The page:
3. Funding opportunities
  4. Our ability to hire people

In a sense, I think we’re cause neutral in that we’d be happy to work on any cause provided the good opportunities arise to do so. We do have opinions on high level cause prioritization (though I know there’s some disagreement inside RP about this topic) but I think given the changing nature of marginal value of additional work in any given the above considerations, and others, we meld our work (and staff) to where we think we can have the highest impact.

In general, though this is fairly generic and high level, were we to come to think our in a given area wasn’t useful or the opportunity cost were too high to continue to work on it, we would decide to pursue other things. Similarly, if the reverse was true for some particular possible projects we weren’t working on, we would take them on

Given we know so little about their potential capacities and what alters their welfare, I’d suggest the potential factory farming of insects is potentially quite bad. However, I don’t know what methods are effective at discouraging people from consuming them, though some of the things you suggest seem plausible paths here. I think it is pretty hard to say much on the tractability of these things, without further research.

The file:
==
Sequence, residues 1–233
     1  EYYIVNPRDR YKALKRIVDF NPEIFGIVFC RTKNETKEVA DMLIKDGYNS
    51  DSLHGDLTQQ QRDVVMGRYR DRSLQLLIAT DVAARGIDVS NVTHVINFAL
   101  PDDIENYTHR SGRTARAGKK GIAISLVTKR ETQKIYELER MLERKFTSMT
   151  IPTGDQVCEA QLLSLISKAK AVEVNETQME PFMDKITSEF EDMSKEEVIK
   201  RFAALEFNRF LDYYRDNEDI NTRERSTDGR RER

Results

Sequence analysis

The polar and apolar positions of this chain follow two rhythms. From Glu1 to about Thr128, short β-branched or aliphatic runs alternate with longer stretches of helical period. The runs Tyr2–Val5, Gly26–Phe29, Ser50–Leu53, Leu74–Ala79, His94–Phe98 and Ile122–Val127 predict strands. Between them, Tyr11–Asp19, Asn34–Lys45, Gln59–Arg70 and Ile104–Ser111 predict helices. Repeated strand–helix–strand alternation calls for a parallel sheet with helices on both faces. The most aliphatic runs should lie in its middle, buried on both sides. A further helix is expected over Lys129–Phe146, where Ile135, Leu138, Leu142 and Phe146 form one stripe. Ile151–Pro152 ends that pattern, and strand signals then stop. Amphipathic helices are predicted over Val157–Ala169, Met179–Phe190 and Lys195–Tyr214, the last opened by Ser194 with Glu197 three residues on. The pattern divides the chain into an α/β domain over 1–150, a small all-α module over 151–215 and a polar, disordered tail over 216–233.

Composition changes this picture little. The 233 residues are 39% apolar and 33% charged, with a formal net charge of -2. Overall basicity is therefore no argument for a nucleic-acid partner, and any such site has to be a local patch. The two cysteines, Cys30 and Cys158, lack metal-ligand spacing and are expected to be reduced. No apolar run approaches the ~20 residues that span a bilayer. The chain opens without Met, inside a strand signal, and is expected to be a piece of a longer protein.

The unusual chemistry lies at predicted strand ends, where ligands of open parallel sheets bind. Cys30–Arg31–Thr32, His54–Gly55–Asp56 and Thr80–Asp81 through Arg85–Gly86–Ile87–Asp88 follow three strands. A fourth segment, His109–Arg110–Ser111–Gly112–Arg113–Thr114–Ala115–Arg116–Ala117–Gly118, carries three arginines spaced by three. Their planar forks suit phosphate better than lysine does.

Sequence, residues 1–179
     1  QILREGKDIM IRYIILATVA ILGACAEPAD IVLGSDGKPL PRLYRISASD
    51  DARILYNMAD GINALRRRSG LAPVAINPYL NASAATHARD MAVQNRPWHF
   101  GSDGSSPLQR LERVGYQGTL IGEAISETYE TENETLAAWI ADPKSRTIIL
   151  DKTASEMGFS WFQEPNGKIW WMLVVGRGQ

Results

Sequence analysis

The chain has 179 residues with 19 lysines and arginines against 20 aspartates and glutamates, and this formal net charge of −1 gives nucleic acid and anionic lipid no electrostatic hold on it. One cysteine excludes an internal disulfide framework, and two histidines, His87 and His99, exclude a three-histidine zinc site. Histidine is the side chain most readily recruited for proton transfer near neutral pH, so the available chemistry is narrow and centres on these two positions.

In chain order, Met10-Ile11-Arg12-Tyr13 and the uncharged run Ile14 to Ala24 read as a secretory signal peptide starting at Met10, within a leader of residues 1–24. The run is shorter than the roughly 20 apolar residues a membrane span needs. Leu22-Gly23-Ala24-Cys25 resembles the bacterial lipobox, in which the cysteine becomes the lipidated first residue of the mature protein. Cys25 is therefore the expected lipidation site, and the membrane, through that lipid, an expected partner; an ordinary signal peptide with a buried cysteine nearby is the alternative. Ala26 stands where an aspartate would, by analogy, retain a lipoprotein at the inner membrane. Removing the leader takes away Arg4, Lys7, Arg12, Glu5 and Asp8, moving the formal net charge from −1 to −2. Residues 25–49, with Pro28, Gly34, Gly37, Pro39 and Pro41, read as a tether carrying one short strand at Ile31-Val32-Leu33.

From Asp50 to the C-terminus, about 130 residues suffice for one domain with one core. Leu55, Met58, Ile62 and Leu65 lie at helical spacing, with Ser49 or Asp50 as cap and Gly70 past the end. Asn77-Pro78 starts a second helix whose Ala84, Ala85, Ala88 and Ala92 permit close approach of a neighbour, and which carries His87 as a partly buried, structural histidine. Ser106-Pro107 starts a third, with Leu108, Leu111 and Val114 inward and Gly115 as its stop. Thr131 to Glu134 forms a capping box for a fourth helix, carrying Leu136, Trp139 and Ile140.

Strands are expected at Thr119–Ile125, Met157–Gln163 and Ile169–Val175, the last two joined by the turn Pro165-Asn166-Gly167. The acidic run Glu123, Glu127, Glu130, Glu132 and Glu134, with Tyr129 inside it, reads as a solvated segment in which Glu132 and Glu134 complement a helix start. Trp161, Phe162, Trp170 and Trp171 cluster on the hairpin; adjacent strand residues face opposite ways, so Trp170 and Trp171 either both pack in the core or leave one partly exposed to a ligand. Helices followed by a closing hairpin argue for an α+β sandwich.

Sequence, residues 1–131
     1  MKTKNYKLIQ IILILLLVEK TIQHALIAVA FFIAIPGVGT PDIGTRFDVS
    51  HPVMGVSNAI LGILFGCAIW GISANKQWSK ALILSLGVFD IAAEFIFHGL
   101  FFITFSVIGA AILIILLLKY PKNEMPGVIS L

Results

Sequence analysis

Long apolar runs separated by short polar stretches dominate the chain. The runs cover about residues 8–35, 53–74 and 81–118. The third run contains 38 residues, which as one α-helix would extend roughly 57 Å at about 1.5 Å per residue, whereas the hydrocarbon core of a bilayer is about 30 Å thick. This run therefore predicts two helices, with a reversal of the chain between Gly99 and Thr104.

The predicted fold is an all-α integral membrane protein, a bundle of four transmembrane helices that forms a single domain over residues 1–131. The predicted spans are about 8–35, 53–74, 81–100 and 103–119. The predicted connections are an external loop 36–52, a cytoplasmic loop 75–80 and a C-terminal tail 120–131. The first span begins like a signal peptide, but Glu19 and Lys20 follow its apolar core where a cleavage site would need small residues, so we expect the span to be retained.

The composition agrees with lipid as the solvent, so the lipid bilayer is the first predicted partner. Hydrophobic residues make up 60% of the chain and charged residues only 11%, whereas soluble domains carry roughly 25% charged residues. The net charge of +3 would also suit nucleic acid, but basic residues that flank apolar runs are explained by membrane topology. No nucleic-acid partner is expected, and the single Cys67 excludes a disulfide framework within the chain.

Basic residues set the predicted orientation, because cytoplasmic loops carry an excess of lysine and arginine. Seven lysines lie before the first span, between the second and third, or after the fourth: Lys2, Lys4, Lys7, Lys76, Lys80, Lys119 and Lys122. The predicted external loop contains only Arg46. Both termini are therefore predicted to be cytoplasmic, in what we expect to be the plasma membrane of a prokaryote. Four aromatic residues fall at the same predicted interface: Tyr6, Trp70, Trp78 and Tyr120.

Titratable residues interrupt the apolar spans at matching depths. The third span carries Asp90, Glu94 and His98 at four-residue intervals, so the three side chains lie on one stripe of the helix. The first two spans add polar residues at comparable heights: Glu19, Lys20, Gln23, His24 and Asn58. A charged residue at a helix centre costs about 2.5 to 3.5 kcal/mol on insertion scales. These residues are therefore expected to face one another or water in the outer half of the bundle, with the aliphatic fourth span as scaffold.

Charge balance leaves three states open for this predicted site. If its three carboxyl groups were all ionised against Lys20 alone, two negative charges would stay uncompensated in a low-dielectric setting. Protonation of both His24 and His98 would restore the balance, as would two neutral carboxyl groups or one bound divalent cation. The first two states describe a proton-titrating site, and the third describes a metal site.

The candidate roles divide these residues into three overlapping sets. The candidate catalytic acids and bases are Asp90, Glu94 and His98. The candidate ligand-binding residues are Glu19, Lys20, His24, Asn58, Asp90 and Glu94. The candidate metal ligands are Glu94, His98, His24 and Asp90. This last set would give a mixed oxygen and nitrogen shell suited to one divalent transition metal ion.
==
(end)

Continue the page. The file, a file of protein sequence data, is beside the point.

Also, we are generally keen to hear from folks who are interested in doing further work on invertebrates. And, personally, if you know of anyone interested in working on things like this I would encourage them to apply to be ED of the Insect Welfare Project.

I would like to see more applications in the areas outlined in our RFP and I’d encourage anyone with interest in working on those topics to contact us.

More generally, I would like to see far more people and funding engaged in this area. Of course, that’s really difficult to accomplish. Outside of that, I’m not sure I’d point to anything in particular.

We don’t have a cost-effectiveness estimate of our grants. The reason as to why not, is it’s likely very difficult to produce, and while it could be useful, we're not sure it's worth the investment for now.

On who to be in touch with, I would suggest such a prospective student is in touch with groups like GFI and New Harvest if they would like advice on attempting to find advisors for this type of work.

On advice, I would generally stay away from career advice. If forced to answer, I would not give general advice that everyone or most people are better off attempting to do as high impact research as soon as is feasible.

I think we’re looking for promising projects and one clear sign of that is often a track-record of success. The more challenging the proposal, the more something like this might be important. However, we’re definitely open to funding people without a long track record if there are other reasons to believe the project would be successful.

Personally, I’d say good university grades alone is probably not a strong enough signal, but running or participating in successful small projects on a campus might be particularly if the projects were similar in scope or size to what was being proposed, and/or this person had good references on their capabilities from people we trusted.